ASU, IBM Form $2 Million Partnership to Help Close Gap in STEM

News Date

By Hazel Scott/ASU

Alabama State University and IBM (International Business Machines) announced a joint educational partnership that includes access to the IBM Skills Academy focused on digital learning and technology skills.

Through IBM’s existing academic initiative, the company will make available software and cloud technology estimated in the millions of dollars. The monies are in-kind.

Dr. Carl Pettis, ASU’s provost and vice president of Academic Affairs, said the partnership is one step closer to closing the diversity gap in STEM by preparing the next generation for the high-tech workforce.

"It is my hope that this partnership is the start of a fruitful collaboration between Alabama State University and IBM. We want our students, faculty and staff to take full advantage of the (digital) badges that are being offered and for them to make the most of this experience to better prepare themselves for tomorrow," Pettis said.

Digital badges are received once individuals complete training modules. They can add the digital badge to their resumes.

Kenley H. Obas, coordinator of the University’s Applied Technology Program, said the partnership is an education and research initiative aimed toward driving more diversity and inclusion in the workforce.

“This partnership will position ASU students to play a significant part in what will drive innovations for the future,” Obas said. “They have access to training for an ever-changing STEM field.”

The Pew Research Institute says black workers only make up about 9 percent of the STEM workforce.

IBM officials said they are looking to change this number by partnering​ with​ ASU and several other Historically Black Colleges and Universities across the country.

One major component of the partnership is the virtual IBM Skills Academy. The academy will address topics such as high-capacity quantum computing, artificial intelligence, blockchain, cyber security, design thinking, data science, analytics and research projects.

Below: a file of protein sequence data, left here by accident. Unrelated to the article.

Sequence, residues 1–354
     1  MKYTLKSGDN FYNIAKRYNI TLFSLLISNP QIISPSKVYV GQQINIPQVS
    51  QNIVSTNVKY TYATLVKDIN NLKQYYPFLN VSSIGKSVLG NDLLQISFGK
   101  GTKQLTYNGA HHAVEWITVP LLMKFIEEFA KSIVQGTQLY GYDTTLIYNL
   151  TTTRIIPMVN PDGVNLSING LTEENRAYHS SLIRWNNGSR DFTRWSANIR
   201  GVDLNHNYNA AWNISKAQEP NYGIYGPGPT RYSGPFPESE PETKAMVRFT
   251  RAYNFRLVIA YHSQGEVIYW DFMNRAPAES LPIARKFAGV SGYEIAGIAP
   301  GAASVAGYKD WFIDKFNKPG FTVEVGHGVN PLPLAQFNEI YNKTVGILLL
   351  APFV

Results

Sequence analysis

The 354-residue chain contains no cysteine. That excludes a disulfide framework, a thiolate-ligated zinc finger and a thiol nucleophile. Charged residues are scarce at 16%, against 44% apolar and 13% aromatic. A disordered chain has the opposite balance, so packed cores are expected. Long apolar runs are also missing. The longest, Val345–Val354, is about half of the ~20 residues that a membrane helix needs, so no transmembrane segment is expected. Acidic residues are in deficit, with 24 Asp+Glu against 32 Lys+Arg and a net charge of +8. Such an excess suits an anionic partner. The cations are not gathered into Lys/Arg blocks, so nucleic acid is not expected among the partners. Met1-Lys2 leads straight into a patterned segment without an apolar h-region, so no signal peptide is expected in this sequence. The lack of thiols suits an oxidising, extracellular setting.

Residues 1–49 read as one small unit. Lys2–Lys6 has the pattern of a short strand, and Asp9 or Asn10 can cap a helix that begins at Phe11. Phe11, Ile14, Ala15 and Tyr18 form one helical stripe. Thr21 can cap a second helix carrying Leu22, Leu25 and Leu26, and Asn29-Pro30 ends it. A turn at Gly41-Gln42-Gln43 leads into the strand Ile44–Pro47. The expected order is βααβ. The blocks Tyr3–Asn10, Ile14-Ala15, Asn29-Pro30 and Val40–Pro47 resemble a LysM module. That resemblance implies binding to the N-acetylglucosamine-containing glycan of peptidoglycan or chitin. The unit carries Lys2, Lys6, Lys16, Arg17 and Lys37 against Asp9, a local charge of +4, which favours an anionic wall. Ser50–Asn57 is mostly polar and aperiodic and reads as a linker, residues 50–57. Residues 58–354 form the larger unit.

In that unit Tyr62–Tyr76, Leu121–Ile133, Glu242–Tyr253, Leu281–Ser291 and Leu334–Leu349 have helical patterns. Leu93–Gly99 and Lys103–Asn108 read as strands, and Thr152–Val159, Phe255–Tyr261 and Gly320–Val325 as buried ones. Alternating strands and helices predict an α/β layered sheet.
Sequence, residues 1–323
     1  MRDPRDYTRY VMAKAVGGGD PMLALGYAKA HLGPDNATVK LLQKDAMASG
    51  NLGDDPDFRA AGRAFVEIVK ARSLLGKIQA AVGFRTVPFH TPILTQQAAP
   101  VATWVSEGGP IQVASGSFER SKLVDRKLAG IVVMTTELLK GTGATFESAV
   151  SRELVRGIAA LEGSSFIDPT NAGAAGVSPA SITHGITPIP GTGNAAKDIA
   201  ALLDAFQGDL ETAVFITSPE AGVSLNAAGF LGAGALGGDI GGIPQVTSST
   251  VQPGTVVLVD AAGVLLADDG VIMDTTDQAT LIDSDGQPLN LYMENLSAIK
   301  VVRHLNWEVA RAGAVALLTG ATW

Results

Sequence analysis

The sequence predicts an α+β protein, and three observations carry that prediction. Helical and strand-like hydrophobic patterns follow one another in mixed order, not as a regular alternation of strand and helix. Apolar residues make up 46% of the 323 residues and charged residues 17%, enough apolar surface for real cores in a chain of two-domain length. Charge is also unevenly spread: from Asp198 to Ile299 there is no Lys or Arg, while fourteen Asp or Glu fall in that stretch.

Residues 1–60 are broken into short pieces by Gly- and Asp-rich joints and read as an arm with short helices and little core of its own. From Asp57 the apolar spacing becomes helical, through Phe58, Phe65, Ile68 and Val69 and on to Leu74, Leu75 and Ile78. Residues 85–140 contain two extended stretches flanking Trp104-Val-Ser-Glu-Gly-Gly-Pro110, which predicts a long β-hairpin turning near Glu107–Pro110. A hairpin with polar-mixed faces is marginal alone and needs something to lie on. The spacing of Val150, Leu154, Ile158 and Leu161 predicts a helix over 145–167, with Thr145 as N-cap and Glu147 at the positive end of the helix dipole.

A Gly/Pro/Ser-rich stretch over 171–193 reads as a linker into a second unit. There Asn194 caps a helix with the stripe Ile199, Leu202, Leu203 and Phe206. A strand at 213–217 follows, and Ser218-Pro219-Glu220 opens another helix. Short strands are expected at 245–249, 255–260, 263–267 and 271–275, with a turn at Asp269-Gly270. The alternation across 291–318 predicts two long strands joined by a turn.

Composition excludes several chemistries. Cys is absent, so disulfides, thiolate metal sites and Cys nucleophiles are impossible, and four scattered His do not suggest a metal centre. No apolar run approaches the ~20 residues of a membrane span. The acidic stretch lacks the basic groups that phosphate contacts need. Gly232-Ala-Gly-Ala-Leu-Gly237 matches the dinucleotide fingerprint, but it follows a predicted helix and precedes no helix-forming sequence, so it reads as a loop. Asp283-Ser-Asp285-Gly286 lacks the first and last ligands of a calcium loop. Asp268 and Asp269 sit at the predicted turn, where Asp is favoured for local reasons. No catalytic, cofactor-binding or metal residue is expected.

President Quinton T. Ross, Jr. pointed out that the IBM collaboration gives ASU students a competitive advantage in their pursuit of cutting-edge careers in science and technology.  

“This partnership is opening doors to new opportunities for our students and will ultimately help to bridge the digital divide. The initiative is designed to educate and empower the first generation of quantum computing students and researchers. Giving students and staff access to IBM’s technology will help to position the University as a leading institution for science and technological education,” Ross said. 

Historically, IBM has partnered with ASU in recruiting top students such as ASU alumna Annette Quarles, who most recently was promoted to Vice President of Development, Digital Business Automation at IBM, and ​a​lumni Janet Sutton and Simuel Sippial who collectively committed more than 50 years of service to IBM before their retirement.   

This newest initiative allows that partnership to continue and become more expansive.

Obas said students and faculty are already tapping into IBM’s fast-growing technology resources.  

 “Through the program, students are interacting with IBM officials and learning about new technologies and innovative careers the company has to offer,” Obas said. “They are being exposed to new technologies that aren’t necessarily being taught in the classroom. As a faculty member, there is a global, three-week workshop I’ve signed up for later this month. These IBM learning and technology resources provide the University with access to industry resources for academic enhancement.”